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Saturday, October 3, 2015

Plastic gold medals and the data that really matters

Their is the data that matters, and the data that really matters in a child's life.
The data that matters to policy makers and politicians are a child's test scores. The prize, a label of either below proficiency, at proficiency, or even above proficiency, and Golly another billion counted for testing companies.
The data that really matters is finishing your first chapter book.
Dr. Turner bows down to your great brain,
Your brain is so much stronger than Dr. T's
I salute your brilliant brain power,
Recognize your greatness,
And I publicly bestow this gold medal upon you on this your day of glory.
He could care less about your proficiency levels, but he'll never forget his first chapter book and that 10 cent plastic gold medal forever.
Children are more than test scores,
Jesse The Walking Man Turner

If you like to know what I was listening to on my walk this morning? It Sly and the Family Stone "Everybody is a star" > <

Friday, October 2, 2015

Empathy it's my teaching superpower

In this new millennium, policy makers, the wealthy and the powerful are radically altering the goal of public education from preparing citizens to preparing obedient workers. They are driving out the arts, music, recess, and reading and writing for pleasure. They have ruthlessly reduced teaching and learning to meaningless data points. They use money and a fear of the future to push standards without empathy, and their hammer used to enforce those standards is high-stakes testing. If they can't scare you then they'll buy you off.

Their high-stakes testing policies are some of the most inhumane polices ever written in the history of public education. What else, but inhumane should we call the reduction of America's children to either below proficiency, at proficiency, or above proficiency? Empathy brings humanity into the classroom not standards.  Leo Buscaglia said “Too often we underestimate the power of a touch, a smile, a kind word, a listening ear, an honest compliment, or the smallest act of caring, all of which have the potential to turn a life around.” The potential to turn a life around for teachers in our public schools to me is being able to feel empathy for the students we teach. Empathy is understanding what others are feeling because you have experienced it yourself or to see yourself in their shoes. It means teaching with compassion for every student in your class.
What is not driving high-stakes testing and the Common Core? EMPATHY!

                                         That is me second from the left some 55 years ago

Recess, milk, cookies, art, play, music, story time, and empathy ruled my kindergarten experience. In between we learned our ABCs, our colors, and to count. We were reminded to say please, excuse me, no thank you, yes Sir, no Sir, yes Mam and no Mam. We learned to share, be kind to one another, and to apologize when we did wrong. No one ever gave me a standardized test. No one ever labeled any of us with proficiency levels. At 60, and 4 university degrees later I still believe those things matter more than twenty-first century high stakes testing and the Common Core.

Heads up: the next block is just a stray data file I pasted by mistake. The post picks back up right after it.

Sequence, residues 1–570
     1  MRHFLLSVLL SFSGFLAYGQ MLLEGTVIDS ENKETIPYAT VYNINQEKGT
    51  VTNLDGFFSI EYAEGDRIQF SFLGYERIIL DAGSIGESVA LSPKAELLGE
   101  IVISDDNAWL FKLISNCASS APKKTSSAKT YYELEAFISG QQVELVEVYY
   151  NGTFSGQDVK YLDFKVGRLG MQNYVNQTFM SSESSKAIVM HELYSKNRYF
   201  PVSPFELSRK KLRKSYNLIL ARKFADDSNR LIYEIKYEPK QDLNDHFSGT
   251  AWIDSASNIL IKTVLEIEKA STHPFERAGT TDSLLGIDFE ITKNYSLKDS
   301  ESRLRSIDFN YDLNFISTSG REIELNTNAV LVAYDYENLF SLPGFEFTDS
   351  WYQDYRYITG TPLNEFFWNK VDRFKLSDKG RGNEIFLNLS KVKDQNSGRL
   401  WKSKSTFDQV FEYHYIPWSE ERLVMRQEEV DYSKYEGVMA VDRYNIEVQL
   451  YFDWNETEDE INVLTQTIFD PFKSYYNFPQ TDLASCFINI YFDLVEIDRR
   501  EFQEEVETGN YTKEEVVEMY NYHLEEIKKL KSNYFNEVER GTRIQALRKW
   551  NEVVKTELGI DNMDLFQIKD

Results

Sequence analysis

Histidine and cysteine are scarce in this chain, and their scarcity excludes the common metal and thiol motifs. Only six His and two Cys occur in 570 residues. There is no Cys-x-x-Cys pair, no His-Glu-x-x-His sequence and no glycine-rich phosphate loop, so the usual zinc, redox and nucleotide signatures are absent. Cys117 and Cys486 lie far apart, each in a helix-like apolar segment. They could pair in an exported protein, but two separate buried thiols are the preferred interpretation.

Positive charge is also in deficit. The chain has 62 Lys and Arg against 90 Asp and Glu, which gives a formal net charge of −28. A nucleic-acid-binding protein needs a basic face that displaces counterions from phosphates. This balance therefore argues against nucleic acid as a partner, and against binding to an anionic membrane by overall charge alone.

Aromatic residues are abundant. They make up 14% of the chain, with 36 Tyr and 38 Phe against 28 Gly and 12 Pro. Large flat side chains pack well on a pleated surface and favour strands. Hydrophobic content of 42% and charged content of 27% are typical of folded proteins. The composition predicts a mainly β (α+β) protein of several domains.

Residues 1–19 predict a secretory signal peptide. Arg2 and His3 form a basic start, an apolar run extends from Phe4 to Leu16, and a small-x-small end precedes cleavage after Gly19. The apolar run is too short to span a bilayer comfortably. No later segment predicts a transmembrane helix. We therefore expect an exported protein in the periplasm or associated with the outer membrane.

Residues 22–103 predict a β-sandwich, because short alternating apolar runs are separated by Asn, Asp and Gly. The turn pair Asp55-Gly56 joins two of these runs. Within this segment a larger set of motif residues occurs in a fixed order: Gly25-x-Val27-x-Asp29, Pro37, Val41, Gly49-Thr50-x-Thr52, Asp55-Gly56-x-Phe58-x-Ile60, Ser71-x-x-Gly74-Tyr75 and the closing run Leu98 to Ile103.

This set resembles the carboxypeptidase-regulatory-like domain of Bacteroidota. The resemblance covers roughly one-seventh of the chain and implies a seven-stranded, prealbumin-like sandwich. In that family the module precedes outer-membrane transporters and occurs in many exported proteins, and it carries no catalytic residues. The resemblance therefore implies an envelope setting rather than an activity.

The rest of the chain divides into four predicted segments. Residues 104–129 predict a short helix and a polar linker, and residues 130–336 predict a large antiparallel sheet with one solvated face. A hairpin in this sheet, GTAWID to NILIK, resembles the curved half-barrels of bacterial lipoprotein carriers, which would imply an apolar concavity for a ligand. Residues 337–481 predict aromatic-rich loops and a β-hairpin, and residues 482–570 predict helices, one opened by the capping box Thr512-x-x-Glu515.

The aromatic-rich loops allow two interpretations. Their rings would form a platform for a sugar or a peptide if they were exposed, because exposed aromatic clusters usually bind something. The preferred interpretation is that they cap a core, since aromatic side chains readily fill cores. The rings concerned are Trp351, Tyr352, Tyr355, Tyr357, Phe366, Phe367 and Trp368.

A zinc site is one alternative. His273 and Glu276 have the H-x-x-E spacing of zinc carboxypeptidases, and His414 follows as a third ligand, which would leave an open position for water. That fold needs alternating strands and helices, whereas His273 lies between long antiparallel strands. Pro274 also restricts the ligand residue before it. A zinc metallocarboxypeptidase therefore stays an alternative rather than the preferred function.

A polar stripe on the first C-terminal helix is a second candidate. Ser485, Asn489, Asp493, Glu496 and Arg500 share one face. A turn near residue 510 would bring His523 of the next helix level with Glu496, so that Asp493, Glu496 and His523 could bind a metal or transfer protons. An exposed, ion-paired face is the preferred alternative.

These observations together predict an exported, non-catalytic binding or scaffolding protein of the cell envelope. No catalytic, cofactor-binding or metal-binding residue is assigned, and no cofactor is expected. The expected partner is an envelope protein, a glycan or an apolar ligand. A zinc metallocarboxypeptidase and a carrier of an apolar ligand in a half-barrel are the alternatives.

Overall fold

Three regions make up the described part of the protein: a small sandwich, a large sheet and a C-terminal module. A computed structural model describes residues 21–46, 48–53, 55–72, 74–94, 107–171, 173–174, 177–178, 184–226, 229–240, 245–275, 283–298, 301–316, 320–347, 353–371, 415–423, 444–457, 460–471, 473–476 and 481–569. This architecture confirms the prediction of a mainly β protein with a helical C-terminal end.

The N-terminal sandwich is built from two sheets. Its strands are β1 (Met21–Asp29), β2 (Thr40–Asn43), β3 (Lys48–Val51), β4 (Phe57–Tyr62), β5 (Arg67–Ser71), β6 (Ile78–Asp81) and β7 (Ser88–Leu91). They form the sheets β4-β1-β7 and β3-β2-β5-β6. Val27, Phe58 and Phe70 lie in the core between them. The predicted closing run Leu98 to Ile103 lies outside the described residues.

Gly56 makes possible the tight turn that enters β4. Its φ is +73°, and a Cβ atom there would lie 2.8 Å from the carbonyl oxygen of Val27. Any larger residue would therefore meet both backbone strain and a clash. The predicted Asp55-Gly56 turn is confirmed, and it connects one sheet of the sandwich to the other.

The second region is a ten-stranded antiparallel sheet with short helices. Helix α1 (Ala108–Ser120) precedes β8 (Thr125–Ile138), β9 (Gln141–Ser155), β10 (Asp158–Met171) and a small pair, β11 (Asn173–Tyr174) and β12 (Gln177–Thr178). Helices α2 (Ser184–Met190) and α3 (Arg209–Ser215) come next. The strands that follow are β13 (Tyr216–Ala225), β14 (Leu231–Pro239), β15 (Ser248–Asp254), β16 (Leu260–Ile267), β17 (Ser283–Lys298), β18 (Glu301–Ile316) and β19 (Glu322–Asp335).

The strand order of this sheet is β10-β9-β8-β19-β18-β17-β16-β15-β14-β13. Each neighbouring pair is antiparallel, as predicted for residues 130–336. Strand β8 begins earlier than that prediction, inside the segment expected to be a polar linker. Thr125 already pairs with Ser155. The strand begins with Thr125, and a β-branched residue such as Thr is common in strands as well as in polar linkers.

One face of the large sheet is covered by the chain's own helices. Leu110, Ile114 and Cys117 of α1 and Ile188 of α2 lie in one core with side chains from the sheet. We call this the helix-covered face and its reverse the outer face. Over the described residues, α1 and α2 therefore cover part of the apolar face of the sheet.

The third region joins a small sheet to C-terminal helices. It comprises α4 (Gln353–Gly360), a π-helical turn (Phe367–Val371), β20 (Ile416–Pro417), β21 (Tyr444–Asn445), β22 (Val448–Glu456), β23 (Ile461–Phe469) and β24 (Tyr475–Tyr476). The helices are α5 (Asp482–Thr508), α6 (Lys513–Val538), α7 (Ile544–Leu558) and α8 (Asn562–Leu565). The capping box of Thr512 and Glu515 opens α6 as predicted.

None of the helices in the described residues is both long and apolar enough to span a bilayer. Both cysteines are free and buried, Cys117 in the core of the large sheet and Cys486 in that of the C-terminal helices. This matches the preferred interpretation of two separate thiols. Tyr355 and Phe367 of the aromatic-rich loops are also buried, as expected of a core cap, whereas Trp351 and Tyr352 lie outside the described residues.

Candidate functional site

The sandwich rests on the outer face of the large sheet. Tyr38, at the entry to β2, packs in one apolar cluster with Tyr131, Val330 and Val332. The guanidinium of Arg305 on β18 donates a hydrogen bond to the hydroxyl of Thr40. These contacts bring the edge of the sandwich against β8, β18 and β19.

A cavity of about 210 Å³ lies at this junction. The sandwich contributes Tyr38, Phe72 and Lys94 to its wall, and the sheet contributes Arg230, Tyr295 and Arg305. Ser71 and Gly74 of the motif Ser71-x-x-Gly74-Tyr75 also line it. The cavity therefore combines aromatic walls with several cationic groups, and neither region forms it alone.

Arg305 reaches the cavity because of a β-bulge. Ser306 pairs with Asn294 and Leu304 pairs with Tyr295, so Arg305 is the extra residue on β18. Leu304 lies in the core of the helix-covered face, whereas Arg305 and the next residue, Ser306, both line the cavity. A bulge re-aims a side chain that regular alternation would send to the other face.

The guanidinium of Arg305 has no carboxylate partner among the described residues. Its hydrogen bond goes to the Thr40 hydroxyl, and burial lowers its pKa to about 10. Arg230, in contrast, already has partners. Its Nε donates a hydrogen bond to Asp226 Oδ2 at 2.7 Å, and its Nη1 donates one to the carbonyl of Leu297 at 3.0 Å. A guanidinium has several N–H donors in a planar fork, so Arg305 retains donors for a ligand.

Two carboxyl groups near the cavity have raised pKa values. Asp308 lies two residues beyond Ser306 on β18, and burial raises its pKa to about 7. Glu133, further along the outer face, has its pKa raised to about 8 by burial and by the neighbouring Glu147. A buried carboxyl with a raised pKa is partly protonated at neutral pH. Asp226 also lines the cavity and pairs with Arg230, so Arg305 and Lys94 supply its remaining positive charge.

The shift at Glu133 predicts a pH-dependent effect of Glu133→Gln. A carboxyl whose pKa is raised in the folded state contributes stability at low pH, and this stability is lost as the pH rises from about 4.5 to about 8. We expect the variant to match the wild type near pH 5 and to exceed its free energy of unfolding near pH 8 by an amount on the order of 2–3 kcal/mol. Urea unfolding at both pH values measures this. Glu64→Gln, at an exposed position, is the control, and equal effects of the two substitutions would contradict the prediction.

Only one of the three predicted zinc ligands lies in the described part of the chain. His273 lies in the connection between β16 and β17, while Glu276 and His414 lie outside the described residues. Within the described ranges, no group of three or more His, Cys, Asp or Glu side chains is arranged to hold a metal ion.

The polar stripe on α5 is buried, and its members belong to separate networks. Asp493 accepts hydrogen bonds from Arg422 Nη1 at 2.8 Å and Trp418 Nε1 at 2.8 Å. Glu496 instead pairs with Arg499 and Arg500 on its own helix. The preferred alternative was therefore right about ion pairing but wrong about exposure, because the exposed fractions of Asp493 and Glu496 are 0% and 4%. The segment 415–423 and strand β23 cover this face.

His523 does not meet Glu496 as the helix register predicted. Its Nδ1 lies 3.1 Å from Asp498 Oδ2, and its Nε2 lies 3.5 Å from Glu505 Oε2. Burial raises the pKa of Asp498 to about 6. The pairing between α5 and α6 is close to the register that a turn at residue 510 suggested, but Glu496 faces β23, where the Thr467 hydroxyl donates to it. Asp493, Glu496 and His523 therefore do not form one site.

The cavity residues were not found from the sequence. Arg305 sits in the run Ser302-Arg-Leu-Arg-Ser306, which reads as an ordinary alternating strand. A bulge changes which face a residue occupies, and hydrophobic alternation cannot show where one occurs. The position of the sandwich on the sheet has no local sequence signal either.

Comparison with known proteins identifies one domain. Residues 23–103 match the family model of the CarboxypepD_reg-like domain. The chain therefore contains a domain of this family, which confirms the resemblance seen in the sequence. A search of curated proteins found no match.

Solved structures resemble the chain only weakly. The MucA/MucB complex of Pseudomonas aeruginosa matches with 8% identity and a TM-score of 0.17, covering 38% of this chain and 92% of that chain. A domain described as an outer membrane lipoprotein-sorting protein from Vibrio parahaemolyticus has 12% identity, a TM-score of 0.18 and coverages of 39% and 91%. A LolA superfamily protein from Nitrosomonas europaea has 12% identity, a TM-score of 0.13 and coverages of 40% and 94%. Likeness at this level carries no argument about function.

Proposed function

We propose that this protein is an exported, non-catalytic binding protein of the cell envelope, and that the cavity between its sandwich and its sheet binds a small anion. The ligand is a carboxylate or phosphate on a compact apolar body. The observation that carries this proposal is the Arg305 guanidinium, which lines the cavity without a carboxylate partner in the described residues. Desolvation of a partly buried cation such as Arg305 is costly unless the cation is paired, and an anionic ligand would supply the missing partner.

See the child, not the score,
Be the teacher not the enforcer,
See the wonders of God's own creation,

Walk in the shoes of others,
Be the kind touch,
Be the smile in the life of another, 
Be the kind word,
Be the listening ear,
Be the honest compliment,
Always, always, always be the smallest act of caring.

Become the teacher you always dream of becoming.
Wear your empathy like your armor, and let no power on earth steal it from you.
Trust me Empathy matters!

For as Natalie Merchant said you are the wonder of God's Own Creation....So as that gentle rain fell on my walk through the woods today I listened to "Natalie's "Wonder" > <

Wednesday, September 30, 2015

Libraries matter more than test scores

I remember falling in love with Miguel de Cervantes's "Don Quixote's Man of La Mancha" when I was 11. I found it at the local library sitting a top a pile of books on a tiger oak table near a window over looking the park. It was around 700 pages, far more pages than I thought myself able to read, but Cervantes whispered my name, calling me to adventure. I opened the book randomly to these lines   “When life itself seems lunatic, who knows where madness lies? Perhaps to be too practical is madness. To surrender dreams — this may be madness. Too much sanity may be madness — and maddest of all: to see life as it is, and not as it should be!”
It was the winter without heat. The library was always warm, and the librarians were always kind and welcoming, and 700 pages would take a long time to read. So began my adventure as a Knight Errant in the warmest of places our local library. Like Don Quixote I would grow into a defender of truth, honor, and the innocent.

I had more hair back then, but I was always the fighter, always the dreamer, and always A Man Of La Mancha
Libraries matter more than test scores,
Jesse The Walking Man Turner

Walking in the rain over the Avon Moutain listening to the sound track from Man Of La Mancha...I found myself feeling so very blessed in so many many ways. Come enter into the imagination of a Knight-Errant > <